USING NEC3- WHAT YOU NEED TO KNOW?Page 1
WELCOMEWe have been asked to speak to you today about using NEC3 Contracts so as to manage thesecontracts effectively and avoid pitfalls!This session is designed to be as practical as possible so please do ask any questions as we go along.Keith KilburnASSOCIATEAmy CorneliusSENIOR SOLICITOREmail: firstname.lastname@example.orgTel: 0141 245 6741Mobile: 07890740725Email: email@example.comTel: 0141 245 6273Mobile: 07855097280“The knowledge base is excellent, the team is fully committed to thechallenges. They provided sufficient resources and the turnaround timewas quick"Chambers and Partners 2013/14Page 0
PROGRAMMEWELCOMESESSION 1 Overview of NEC 3 NEC 3 suite of contracts and options Key Clauses – including Z clauses Contract assemblySESSION 2 TimelinesSESSION 3Practical examples – interactive session, covering: Early Warning Compensation Events Payments/WithholdingQUESTIONS AND ANSWERSPage 1
NEC3 OBJECTIVESThree specific objectives for the contract compared to existing standard forms:1Should be more flexible in its scope2should provide greater stimulus to good project management3should be expressed more simply and clearlyNEC3 FLEXIBILITY1When can it be used?2In what sectors?3What type of projects?NEC3 GOOD MANAGEMENT1Clear and simple allocation of risk2Collaborative working3Risk reduction proceduresNEC3 CLARITY & SIMPLICITY1Short sentences2Plain English, avoiding jargon3Each clause stands alone- no cross referencing4Options clauses add to core clauses rather than alter and delete themPage 2
NEC3 FAMILY NEC 3 Engineering and Construction Contract (ECC) and Subcontract (ECS) NEC 3 Professional Services Contract (PSC). NEC 3 Short Contract (ECSC) and Short Subcontract (ECSS). NEC 3 Adjudicator’s Contract (AC). NEC 3 Term Services Contract (TSC). NEC 3 Term Service Short Contract (TSSC). NEC 3 Framework Contract (Framework Contract). NEC 3 Supply Contract (SC). NEC 3 Supply Short Contract (Services Contract).Page 4
NEC3 BUILD UP Choose one of six main options on pricing mechanism – Option A-F. Include the nine sections of core clauses. Choose which dispute resolution option applies W1 or W2, Y(UK)1 or Y(UK)2. Choose which (if any) of them secondary option clauses applied. Not all secondary options can be used with the main options, eg X8-X11 appear in the PSC but not in the ECC; X19only appears in the TSC. Include any additional (“Z”) clauses.NEC3 MAIN OPTIONS Option A – priced contract with activity schedule, Lump sum price for the Works. Lump sum may change if a “Compensation Event occurs or the Employer varies the Works”. Option B – priced contract with bill of quantities. Option C – target contract with activity schedule. Option D – target contract with bill of quantities. Option C & D are target price contracts. If the Works cost more than the target price when complete, they share the “pain” of the cost overrunin pre-agreed proportions. Likewise if the Works are completed for less than the target price, theContractor and Employer share the “gain” – pain share/gain share mechanism. Option E – cost reimbursable contract. The parties agree levels of the Contractor’s overheads and profit and theEmployer pays the actual costs of the Works, plus agreed level of overhead and profit. Option F – management contract. Does not distinguish between construction management and managementcontracting.The main options do not change the rest of ECC except to deal with pricing and payment. The main options are A,C andE.Page 6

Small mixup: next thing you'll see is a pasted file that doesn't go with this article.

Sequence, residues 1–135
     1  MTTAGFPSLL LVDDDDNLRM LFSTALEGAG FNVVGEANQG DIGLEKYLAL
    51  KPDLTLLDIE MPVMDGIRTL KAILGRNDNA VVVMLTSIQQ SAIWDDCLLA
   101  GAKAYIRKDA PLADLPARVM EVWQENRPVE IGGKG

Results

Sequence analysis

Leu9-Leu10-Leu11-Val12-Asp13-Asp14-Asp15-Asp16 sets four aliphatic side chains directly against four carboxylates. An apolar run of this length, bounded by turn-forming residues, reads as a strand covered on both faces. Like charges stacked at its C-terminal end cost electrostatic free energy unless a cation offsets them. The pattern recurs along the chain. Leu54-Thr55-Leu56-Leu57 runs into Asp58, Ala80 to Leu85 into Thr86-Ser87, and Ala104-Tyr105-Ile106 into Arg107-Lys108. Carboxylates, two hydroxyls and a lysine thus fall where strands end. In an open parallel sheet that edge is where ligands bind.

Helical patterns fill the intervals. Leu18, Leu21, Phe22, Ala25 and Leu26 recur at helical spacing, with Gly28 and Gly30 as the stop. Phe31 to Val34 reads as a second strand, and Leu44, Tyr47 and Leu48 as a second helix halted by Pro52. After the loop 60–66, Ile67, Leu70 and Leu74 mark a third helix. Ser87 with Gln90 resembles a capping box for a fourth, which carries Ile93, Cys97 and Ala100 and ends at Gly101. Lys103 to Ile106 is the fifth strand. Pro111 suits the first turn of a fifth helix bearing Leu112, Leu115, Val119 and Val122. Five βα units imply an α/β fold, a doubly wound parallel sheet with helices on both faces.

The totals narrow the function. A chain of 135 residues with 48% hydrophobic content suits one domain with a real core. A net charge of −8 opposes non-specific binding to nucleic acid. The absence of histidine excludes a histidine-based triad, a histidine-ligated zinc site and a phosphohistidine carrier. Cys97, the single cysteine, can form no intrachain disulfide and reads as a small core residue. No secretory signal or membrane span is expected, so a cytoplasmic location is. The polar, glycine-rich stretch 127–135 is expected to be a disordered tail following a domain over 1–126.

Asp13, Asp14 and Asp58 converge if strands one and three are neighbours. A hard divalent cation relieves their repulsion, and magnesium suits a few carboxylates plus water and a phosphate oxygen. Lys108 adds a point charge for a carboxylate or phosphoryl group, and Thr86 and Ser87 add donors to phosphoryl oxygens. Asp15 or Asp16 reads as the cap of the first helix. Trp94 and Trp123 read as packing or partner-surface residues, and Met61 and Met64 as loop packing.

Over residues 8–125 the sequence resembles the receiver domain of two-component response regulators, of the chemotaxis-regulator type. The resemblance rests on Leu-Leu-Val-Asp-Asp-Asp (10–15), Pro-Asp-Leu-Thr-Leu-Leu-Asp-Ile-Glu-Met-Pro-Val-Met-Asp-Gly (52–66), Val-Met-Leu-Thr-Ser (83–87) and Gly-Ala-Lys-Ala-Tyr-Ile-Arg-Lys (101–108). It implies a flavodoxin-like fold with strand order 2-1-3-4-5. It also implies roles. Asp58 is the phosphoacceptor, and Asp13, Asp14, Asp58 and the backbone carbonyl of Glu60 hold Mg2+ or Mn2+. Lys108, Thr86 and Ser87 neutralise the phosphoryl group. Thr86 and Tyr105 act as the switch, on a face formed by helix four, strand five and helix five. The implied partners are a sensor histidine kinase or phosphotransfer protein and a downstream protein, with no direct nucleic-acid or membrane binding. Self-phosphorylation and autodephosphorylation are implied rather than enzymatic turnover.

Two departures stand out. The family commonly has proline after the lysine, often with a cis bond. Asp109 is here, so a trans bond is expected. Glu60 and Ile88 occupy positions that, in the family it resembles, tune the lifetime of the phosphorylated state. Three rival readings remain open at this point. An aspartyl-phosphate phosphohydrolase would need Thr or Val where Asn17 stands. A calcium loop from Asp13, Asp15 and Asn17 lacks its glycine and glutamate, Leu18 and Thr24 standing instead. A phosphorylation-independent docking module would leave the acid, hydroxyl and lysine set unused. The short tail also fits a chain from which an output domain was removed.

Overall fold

NEC3 CORE CLAUSES1General.2Contractor’s main tion events.7Rights to material.8Indemnity insurance and liability.9Termination.Page 8
NEC3 SECONDARY OPTIONS W1 – Dispute Resolution. W2 – Dispute Resolution. X1 – Price adjustment for inflation. X2 – Changes in the law. X3 – Multiple currencies. X4 – Parent company guarantee. X5 – Sectional completion. X6 – Bonus for early completion. X7 – Delay damages. X8- Collateral warranty agreements X9 – Transfer of rights X10 – Employer’s Agent X11- Termination by the Employer X12 – Partnering X13 – Performance Bond X14- Advanced Payment to Contractor X15 – Limitation of Liability for design X16 – Retention X17 – Low performance damages X18 – Limitation of Liability X20 – Key Performance Indicators Y(UK)2 – HGCRA 1996 – Payment and suspension Y(UK)3 – Third Party RightsPage 10
NEC3 CONTRACT DATA Identity of parties. Services. Scope. Language of the contract. Period for reply. Period for retention of documents. Access and access dates. Defects date. Adjudicators. Programme intervals. Weather measurements. Level of insurance. Key dates. Additional compensation events. Additional risks – a risk which is not expressly stated to be an Employer risk in the contract Data or Conditions ofContract (Clause 80) will be a Contractor risk.Page 12
NEC3 WORKS INFORMATION Works information is information which either: Specifies and describes the works; or States any constraints on how the Contractor Provides the Works.And is either In the documents which the Contract Data states it is in; or In an instruction given in accordance with this contract.Vitally important document BUT the source of many disputes.UNDERSTANDING ITS IMPORTANCE The contractor designs the parts of the works which the Works Information states he is to design (Clause 21.1) Completion is when the Contractor has done all the work which the Works Information states he is to do by theCompletion Date (Clause 11.2(2). A Defect is part of the works which is not in accordance with the Works Information (Clause 11.2(5)) The Contractor acts in accordance with the health and safety requirements stated in the Works Information(Clause 27.4)Page 14